1. Krishna T. Patel, Michael C. Stevens, Shashwath A. Meda, Christine Muska, Andre D. Thomas, Marc N. Potenza, Godfrey D. Pearlson. Robust Changes in Reward Circuitry During Reward Loss in Current and Former Cocaine Users During Performance of a Monetary Incentive Delay Task. Biological Psychiatry, 2013; 74 (7): 529 DOI: 10.1016/j.biopsych.2013.04.029

Cite This Page:

Elsevier. "Addiction: Can you ever really completely leave it behind?." ScienceDaily. ScienceDaily, 23 September 2013. <www.sciencedaily.com/releases/2013/09/130923092744.htm>.
Elsevier. (2013, September 23). Addiction: Can you ever really completely leave it behind?. ScienceDaily. Retrieved April 16, 2014 from www.sciencedaily.com/releases/2013/09/130923092744.htm
Elsevier. "Addiction: Can you ever really completely leave it behind?." ScienceDaily. www.sciencedaily.com/releases/2013/09/130923092744.htm (accessed April 16, 2014).

Share This



More Health & Medicine News

Wednesday, April 16, 2014

Featured Research

from universities, journals, and other organizations


Featured Videos

from AP, Reuters, AFP, and other news services

Could Even Casual Marijuana Use Alter Your Brain?

Could Even Casual Marijuana Use Alter Your Brain?

Newsy (Apr. 16, 2014) A new study conducted by researchers at Northwestern and Harvard suggests even casual marijuana use can alter your brain. Video provided by Newsy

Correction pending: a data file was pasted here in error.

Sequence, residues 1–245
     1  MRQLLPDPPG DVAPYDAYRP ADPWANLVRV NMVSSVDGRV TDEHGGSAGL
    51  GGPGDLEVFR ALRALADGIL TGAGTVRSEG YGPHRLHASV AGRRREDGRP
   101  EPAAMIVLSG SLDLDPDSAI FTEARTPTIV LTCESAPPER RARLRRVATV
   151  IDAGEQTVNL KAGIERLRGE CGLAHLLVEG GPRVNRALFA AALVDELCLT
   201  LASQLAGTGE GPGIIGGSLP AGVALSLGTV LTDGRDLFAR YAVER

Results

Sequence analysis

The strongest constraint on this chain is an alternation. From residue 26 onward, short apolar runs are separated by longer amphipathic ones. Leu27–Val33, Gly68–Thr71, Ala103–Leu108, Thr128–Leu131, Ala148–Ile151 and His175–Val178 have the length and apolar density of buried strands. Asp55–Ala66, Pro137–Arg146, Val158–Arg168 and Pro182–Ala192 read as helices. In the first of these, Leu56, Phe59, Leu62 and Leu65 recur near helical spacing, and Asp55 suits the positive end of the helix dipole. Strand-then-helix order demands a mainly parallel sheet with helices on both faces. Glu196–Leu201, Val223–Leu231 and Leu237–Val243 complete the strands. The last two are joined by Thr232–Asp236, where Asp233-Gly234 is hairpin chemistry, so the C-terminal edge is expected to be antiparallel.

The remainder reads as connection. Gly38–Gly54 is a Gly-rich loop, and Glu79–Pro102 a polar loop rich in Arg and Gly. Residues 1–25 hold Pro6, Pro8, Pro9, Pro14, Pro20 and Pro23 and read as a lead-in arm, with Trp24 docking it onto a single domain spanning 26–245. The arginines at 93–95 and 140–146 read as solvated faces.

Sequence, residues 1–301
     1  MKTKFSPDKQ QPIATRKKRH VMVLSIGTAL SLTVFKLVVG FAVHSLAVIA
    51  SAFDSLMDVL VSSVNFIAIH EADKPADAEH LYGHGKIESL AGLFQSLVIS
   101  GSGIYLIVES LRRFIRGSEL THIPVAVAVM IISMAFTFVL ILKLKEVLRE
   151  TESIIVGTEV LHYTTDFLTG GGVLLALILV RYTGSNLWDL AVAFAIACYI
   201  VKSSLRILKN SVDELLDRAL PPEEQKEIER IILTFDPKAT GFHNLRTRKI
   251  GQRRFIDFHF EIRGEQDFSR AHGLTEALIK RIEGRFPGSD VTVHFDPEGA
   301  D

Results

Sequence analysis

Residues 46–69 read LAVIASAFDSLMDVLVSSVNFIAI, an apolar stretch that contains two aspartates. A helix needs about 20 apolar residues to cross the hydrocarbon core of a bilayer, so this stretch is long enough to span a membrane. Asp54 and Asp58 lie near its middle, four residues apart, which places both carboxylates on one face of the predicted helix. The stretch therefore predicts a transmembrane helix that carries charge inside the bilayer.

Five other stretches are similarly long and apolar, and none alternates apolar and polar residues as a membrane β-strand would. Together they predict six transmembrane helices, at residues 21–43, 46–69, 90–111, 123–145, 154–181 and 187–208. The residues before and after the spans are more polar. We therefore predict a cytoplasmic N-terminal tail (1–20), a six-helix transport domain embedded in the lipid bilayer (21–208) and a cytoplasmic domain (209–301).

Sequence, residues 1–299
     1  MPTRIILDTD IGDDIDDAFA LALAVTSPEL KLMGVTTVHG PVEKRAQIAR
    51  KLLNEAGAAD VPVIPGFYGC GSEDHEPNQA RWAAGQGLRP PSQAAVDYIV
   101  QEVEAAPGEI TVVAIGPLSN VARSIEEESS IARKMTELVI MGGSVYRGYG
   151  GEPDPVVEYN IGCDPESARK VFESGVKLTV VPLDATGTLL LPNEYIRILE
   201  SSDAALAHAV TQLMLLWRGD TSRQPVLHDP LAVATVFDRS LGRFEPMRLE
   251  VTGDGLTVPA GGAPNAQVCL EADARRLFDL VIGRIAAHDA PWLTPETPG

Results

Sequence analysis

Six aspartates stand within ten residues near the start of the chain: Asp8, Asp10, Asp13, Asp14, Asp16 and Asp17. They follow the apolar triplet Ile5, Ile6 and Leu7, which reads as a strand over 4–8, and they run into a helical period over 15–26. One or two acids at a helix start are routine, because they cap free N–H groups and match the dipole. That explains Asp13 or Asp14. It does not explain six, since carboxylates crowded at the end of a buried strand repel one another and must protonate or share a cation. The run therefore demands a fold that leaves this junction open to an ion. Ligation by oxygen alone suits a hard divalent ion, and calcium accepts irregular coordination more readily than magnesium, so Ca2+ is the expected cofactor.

Powered by NewsLook.com
Formerly Conjoined Twins Released From Dallas Hospital

Formerly Conjoined Twins Released From Dallas Hospital

Newsy (Apr. 16, 2014) Conjoined twins Emmett and Owen Ezell were separated by doctors in August. Now, nearly nine months later, they're being released from the hospital. Video provided by Newsy
Powered by NewsLook.com
Ebola Outbreak Now Linked To 121 Deaths

Ebola Outbreak Now Linked To 121 Deaths

Newsy (Apr. 15, 2014) The ebola virus outbreak in West Africa is now linked to 121 deaths. Health officials fear the virus will continue to spread in urban areas. Video provided by Newsy
Powered by NewsLook.com
Cognitive Function: Is It All Downhill From Age 24?

Cognitive Function: Is It All Downhill From Age 24?

Newsy (Apr. 15, 2014) A new study out of Canada says cognitive motor performance begins deteriorating around age 24. Video provided by Newsy
Powered by NewsLook.com

Search ScienceDaily

Number of stories in archives: 140,361

Find with keyword(s):
Enter a keyword or phrase to search ScienceDaily for related topics and research stories.

Save/Print:
Share:

Breaking News:
from the past week

In Other News

... from NewsDaily.com

Science News

Health News

Environment News

Technology News



Save/Print:
Share:

Free Subscriptions


Get the latest science news with ScienceDaily's free email newsletters, updated daily and weekly. Or view hourly updated newsfeeds in your RSS reader:

Get Social & Mobile


Keep up to date with the latest news from ScienceDaily via social networks and mobile apps:

Have Feedback?


Tell us what you think of ScienceDaily -- we welcome both positive and negative comments. Have any problems using the site? Questions?
Mobile: iPhone Android Web
Follow: Facebook Twitter Google+
Subscribe: RSS Feeds Email Newsletters
Latest Headlines Health & Medicine Mind & Brain Space & Time Matter & Energy Computers & Math Plants & Animals Earth & Climate Fossils & Ruins